Dr. Sylvester Andral Kilmer, MD was born in Cobleskill, New York on December 19, 1840, one of eleven children of Daniel and Maria Shaver Kilmer. He attended the log school in Cobleskill, the Schoharie Academy and then the Warnerville and Richmondville Seminaries. At the age of eighteen, he entered the office of Dr. Scott, a prominent Allopathic physician in Schoharie County. Wishing to get away from the "one school" idea, he then studied with Dr. Downing who had been called the successful pioneer of Homeopathy in the Schoharie region of New York State. Dr. S. Andral Kilmer started his own practice of medicine as county physician at Barnerville, Schoharie County. Following through with the idea of a broad acquaintance with medicine and surgery, he studied Eclectic and Botanic Practice with Dr. Patrick of Wisconsin. He attended the preliminary and regular course of the Bellevue Hospital and Medical College in New York City, where he had instruction at the Eye and Ear Infirmary on Blackwell's Island and other hospitals. He also received a special practical course at the Philadelphia Lying-In-Charity Hospital, where he received instruction in Practical Obstetrics and Diseases of Women; he also received similar instruction at the Central Dispensary of Chicago. He received further instruction at the Philadelphia School of Operative Surgery under the special tutelage of the noted physician Dr. D. Hayes Agnew and he also had a diploma from the Bennett Medical College of Chicago. After a successful tour of medical lectures and practice in the West, he settled in Binghamton, New York.   In Binghamton, he was first employed in visiting Binghamton and the surrounding cities on advertised days, in which practice Dr. Kilmer was so famous and successful that he was soon enabled to begin erection of his Laboratory buildings for the preparation of his remedies, which became necessary to supply the ever increasing demand. In 1878 his brother, Jonas Kilmer, moved to Binghamton to run the business end of the proprietary medicine business, and in 1892, Jonas bought out Dr. S. Andral Kilmer's share of the business. Their first major laboratory and manufacturing plant was located at the corners of Chenango and Virgil Streets in Binghamton. Dr. Kilmer prepared many different medicines, some of which were Dr. Kilmer's Ocean Weed Heart Remedy, Female Remedy, Indian Cough and Consumption Cure, Autumn Leaf Extract, U & O Ointment and Prompt Parilla Pills, but the most well known remedy was Dr. Kilmer's Swamp Root Kidney Liver and Bladder Cure. Swamp Root contained Buchu leaves, Oil of Juniper, Oil of Birch, Colombo Root, Swamp-Sassafras, Balsam Copaiba, Balsam Tolu, Skullcap leaves, Venice Turpentine, Valerian Root, Rhubarb Root, Mandrake Root, Peppermint herb, Aloes, Cinnamon and sugar and contained approximately 9 to 10-1/2% alcohol.  In the years prior to Dr. Kilmer's sale of his interest in the proprietary medicine business, during its growth and increasing professional services, Dr. Kilmer kept looking for a place which included the peculiar properties required and known only to him. He located such a place in Osborne Hollow, situated approximately ten miles east of Binghamton, where there was a sulpho-phosphate spring. He induced the townspeople to rename the area Sanitaria Springs and at a cost of $100,000 he built a Sanitarium and Hydrotherapium in 1892. The outside grounds were a well-arranged system of natural parks and the buildings contained every modern convenience of their time including electric lights, steam heaters and elevators. In addition to the sulpho-phosphate spring, there were ten others including the Blue Lithia, Red Iron, Black Magnetic and Ferro-Manganese. All types of baths were in use summer and winter, including Sulphur, Turkish, Russian and Electric. Dr. Kilmer's son Ulysses was employed as Associate Superintendent and a daughter, Edith, was the Librarian. Another of Dr. S. Andral's brothers, Andrew G. Kilmer, gave up his life work as a teacher ( He had been Associate Principal of the Schoharie Academy, Vice-President of the Franklin Institute, Principal of the grade school in Cobleskill and Principle of the Academy in Bainbridge, New York. He also organized the academy in Schenevus, with much success.) and entered the business office of Dr. Kilmer and Company and later, was the Assistant Superintendent of the Sanitarium. Andrew Kilmer was my maternal grandmother, Alice Cooper Kisselburgh's great-grandfather. She and her sister used to visit him and Uncle Sylvester at the sanitarium in the summer when they were young. It was also around this time that Dr. S. Andral Kilmer began formally treating patients for cancer, both at the Sanitarium and also at his Cancertorium at 254 Conklin Avenue in Binghamton. He advertised his cancer cure nationally and would pay train fare to the Sanitarium upon commitment of a stay of three to six months to effect the cure. He advocated a homeopathic approach to the treatment of this disease , which involved a controlled diet, treatment with the different springs as well as a secret medicine which, after a time, would cause the cancer to be expelled from the body; they would literally fall off. My grandmother and her sister had both been witness to these treatments and witnessed the results first-hand, and swore that they had seen the eradications occur. Dr. Kilmer was decidedly against plasters, radium, x-rays and surgery on these cancers as he felt that not only did they injure the patient, but they caused the cancers to be harder to treat and might even cause them to spread. At this period of time in Binghamton, there was a very heated clash between the traditional medical doctors and the homeopathic doctors; they wouldn't even work in the same hospitals together. Dr. Kilmer had been trained in both practices, but leaned more toward the homeopathic and allopathic teachings. This fact, as well as his ties to the proprietary medicine business, keep him under constant scrutiny by the "old school" doctors of his time. His assertions of having a cure for [graphic]cancer, which they felt was impossible given his methods, made him the brunt of ridicule by his colleagues. He offered to share his knowledge in the non-surgical treatment of cancer with them, according to conversations his daughter Hattie Marguerite had with my grandmother, but was his help was refused and rebuffed, and he was so professionally ridiculed by his colleagues, that he took the secrets of his "cure" to his grave. The patients who were treated by Dr. Kilmer held him in high esteem, and he was treating patients three days before his death of a cerebral hemorrhage. He died in his home at 44 Beethoven Street in Binghamton on January 14, 1924. Whether or not he had a cure for cancer is open to conjecture - my grandmother and her sister would both state a resolute yes, however, testimonials and the like, especially of that era, quite often are at best questionable; my only thought is...what if?  Dr. S. Andral Kilmer and Jonas M. Kilmer had two other brothers who were also in business for themselves. Augustus Kilmer established the Kilmer Manufacturing Company in Newburgh, New York which manufactured baling ties and wire fencing. Another brother, Thomas J. Kilmer, was a physician in Schoharie, New York and several old bottles embossed with his name are known to exist.  Jonas M. Kilmer was also born in Cobleskill, New York on April 11, 1843. He was a graduate of the Bryant and Stratton Business College in Albany, after which he worked for a year in the general store of Joseph Taylor of Schoharie Court House, and then worked the next eighteen years in the mercantile business in New York City with several different firms, rising to important positions. His brother convinced him to move to Binghamton in 1881 where he ran the business end of the "patent medicine" business as an equal partner. In 1892 he bought out Dr. S. Andral Kilmer's interest in the company, though some would say he "swindled" his brother in the deal; the purchase price is unknown. Jonas' son, Willis Sharpe Kilmer became the Head of Advertising for the company, and business began to increase rapidly. The company was incorporated in 1909 as Dr. Kilmer & Company and had branch offices in New York, Chicago, Rio De Janeiro, Brazil and Kingston, Jamaica, West Indies. In 1899, Jonas Kilmer was elected Director of The People's Bank of Binghamton, in which capacity he served from October 2, 1899 until February 9, 1907, at which time he was elected President; he served in this capacity until his death. On December 4, 1907 he was chosen as a trustee of Binghamton Savings Bank and also served as President of the Binghamton Press from 1904 until his death. People's Bank merged with Broome County Trust Company on April 20, 1914 and became People's Trust Company. From 1893 to 1908, Jonas Kilmer also served as a member of the Board of Police Commissioners. Jonas Kilmer died in Binghamton in 1912, but not without first giving all the credit of the success of the family business to his son, Willis Sharpe Kilmer.  Willis Sharpe Kilmer was born in Brooklyn, New York on October 18, 1869. He graduated from Cornell University in 1880 and went to work in the family business. Willis was put in charge of the advertising department of Dr. Kilmer and Company, which lead to a swift increase in business. Advertising in the late 1800's was not the "science" that it is today and Willis Sharpe Kilmer was one of advertising's earliest pioneers. His first wife was Beatrice Richardson who's socially prominent father was one of the brightest executives in a fledgling newspaper advertising agency in New York City. Willis Kilmer had a more metropolitan upbringing than many of his peers and his relationship with Mr. Richardson and his family connections all helped benefit Willis and his new ideas. Dr. Kilmer and Company utilized all the forms of advertising of the day including painted wooden signs, posters and printed circulars, but with the entrance of Willis' leadership, began purchasing ad space in newspapers expounding the virtues of their numerous cures and they were amongst the fore-runners in printing Almanacs, which not only would list the normal items such as moon phases, best planting times and the like, but at every turn of the page, listed one or more of the products, printed testimonials for the same and helped diagnose "ailments" of which one of their products would "cure". The packaging of their products was also easily noticed on the shelf. For ease of finding the correct cure, their Heart Remedy had an embossed heart on it, Swamp Root Kidney Cure had a kidney embossed on it and so forth, and their packaging was bright orange with the likeness of a whiskered Dr. S. Andral Kilmer printed boldly on the front. The package also invited customers to write to Dr. Kilmer for advise and prescription, which, long after Dr. S. Andral Kilmer had sold his share of the business, caused Dr. Kilmer to initiate a lawsuit against his brother and nephew in which he accused Dr. Kilmer and Company of representing him as the physician in charge of their medical department and also, that they pretended to give medical advice and prescribe medicines for diseases which they pretended to diagnose. When a lower court ruled against Dr. Kilmer and Company, Willis pursued the suit in The Appellate Court, and in 1917, the decision against the company was reversed. It was Willis Sharpe Kilmer's advertising prowess as well as his "muscle" via political and professional contacts that made Swamp Root a household word. When other patent medicines were losing popularity due to The Pure Food and Drug Act as well as an increased respect for medical science, Swamp Root was still filling the Kilmer coffers. When asked what Swamp Root was good for, Willis Kilmer once replied, "About a million dollars a year!". Patent medicine wasn't the only thing Willis Sharp Kilmer was involved in. On April 11, 1904, Mr. Kilmer founded The Binghamton Press, which became a very well-respected newspaper in the country. It has been alleged, although never proven, that he started the newspaper for the purpose of putting The Binghamton Evening Herald out of business and he could also control the advertising of various patent medicines and any articles condemning the same. There were several people such as Samuel Hopkins Adams, who were very much against patent medicines and were lobbying very hard for the passage of The Pure Food and Drug Act. Mr. Kilmer was very successful in "squashing" their stories and did eventually put The Evening Herald, run by his long-time personal and political enemy Guy Beardsley, out of business. Mr. Beardsley later sued Willis Sharpe Kilmer charging conspiracy to put him out of business; Beardsley lost the suit.  Willis Sharpe Kilmer was also a very fine judge of horses. The family mansion is still located on Riverside Drive in Binghamton, and on the surrounding grounds, Mr. Kilmer built Sun Briar Court, which had a 1/5 mile indoor track, an outdoor track connected to a half-mile circular track, 100 fire-proof stalls and the main stable included offices, quarters and a clubhouse. The Kilmer racing colors were brown, green and orange and he owned many fine horses; Genie- the son of Man O' War, Sun Briar, Sun Beau and Exterminator, which won the 1918 Kentucky Derby and was the leading money winner for four straight seasons. Sun Beau held the American record for money won until Sea Biscuit broke the record in 1939. Mr. Kilmer owned a large estate on the Rappahannock River in Virginia known as Remlik (Kilmer spelled backwards) as well as a game preserve near Binghamton called Sky Lake and he was a pioneer in forest and game preservation in New York as well as Virginia. He established the Kilmer Pathological Laboratory in Binghamton and started Binghamton's first nine hole golf course, which later became the Binghamton Country Club. Willis Sharpe Kilmer died of pneumonia on July 12, 1940 leaving an estate estimated at $10 to $15 million dollars, and is interred in the family mausoleum in Floral Park Cemetery in Binghamton, New York. After World War II, his second wife, Sarah Jane Wells, sold the rights to make and manufacture Swamp Root to Medtech Laboratories of Cody, Wyoming. The eight story Kilmer Building, built in 1902 after the original building was damaged by fire, still stands at 141 Chenango Street and Swamp Root was still on the shelves of the E. C. McKallor Drug Company in Binghamton in 1983 - it can still be ordered today, more than almost 120 years after it was first produced, a testament to the advertising skill of Willis Sharpe Kilmer and the strength of the Kilmer name and reputation.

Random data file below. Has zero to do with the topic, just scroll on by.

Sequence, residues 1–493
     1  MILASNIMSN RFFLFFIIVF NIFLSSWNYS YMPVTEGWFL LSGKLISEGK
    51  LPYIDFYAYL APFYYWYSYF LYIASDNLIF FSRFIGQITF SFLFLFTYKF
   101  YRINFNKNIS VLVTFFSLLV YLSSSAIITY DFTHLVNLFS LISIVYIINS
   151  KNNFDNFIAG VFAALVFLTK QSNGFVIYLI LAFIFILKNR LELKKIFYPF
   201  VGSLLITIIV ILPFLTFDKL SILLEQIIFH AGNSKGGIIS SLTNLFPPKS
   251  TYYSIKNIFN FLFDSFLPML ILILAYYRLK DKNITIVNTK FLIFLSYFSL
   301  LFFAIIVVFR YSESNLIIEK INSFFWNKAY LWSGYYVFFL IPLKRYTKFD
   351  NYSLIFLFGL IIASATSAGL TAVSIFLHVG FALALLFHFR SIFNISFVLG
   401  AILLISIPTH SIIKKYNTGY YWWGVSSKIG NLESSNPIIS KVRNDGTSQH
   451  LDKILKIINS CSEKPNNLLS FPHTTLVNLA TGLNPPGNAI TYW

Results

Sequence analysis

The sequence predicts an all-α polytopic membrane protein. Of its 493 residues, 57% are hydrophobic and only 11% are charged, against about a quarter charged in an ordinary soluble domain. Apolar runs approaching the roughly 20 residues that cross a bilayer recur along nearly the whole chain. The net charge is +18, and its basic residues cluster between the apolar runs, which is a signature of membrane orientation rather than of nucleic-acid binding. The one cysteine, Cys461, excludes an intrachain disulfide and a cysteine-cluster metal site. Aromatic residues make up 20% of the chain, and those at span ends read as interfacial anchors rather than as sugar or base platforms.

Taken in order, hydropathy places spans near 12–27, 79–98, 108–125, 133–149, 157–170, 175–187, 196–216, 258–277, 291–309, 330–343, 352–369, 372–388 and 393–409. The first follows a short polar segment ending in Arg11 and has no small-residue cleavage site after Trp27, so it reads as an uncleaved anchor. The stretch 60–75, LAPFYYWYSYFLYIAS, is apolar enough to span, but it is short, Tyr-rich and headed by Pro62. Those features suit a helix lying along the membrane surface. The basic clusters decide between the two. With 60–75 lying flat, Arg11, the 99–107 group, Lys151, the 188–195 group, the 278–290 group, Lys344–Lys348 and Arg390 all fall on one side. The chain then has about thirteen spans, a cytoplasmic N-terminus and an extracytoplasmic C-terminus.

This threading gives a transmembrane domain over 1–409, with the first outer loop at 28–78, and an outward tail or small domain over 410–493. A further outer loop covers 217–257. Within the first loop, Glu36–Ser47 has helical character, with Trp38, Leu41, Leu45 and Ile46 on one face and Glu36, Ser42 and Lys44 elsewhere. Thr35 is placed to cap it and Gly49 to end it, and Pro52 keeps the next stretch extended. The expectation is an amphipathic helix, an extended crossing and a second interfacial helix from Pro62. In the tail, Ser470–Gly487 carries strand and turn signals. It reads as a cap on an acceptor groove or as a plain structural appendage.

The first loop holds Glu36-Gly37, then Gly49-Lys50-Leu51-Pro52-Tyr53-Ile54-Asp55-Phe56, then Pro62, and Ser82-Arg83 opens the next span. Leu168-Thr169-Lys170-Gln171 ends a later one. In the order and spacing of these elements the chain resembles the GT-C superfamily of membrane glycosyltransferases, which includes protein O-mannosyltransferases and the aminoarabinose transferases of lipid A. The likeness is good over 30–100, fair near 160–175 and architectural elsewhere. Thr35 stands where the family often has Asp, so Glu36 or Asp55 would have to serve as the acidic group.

Binghamton and Broome County, New York, Volumes I, II and III, The Lewis Historical Publishing Company, 1924  Broome County Historical Society Newsletter, Spring 1982  The Binghamton Press, June 30, 1983  The Sunday Press, July 24, 1983  The Binghamton Press, July 13, 1940  The Binghamton Press, January 14, 1924  The History of the Kilmer Family In America, Rev. C. H. Kilmer, 1897  Lost Landmarks of Broome County, New York, Marjory Barnum Hinman, 1983  One For A Man, Two For A Horse, Gerald Carson, 1961  Willis Sharpe Kilmer's Use of Advertising in the Promotion of Swamp Root, Annette Bakic, 1981  Dr. Kilmer's Swamp Root Almanac, 1930  Dr. Kilmer's Swamp Root Almanac, 1941  Dr. Kilmer's Red Book of Hope  Valley of Opportunity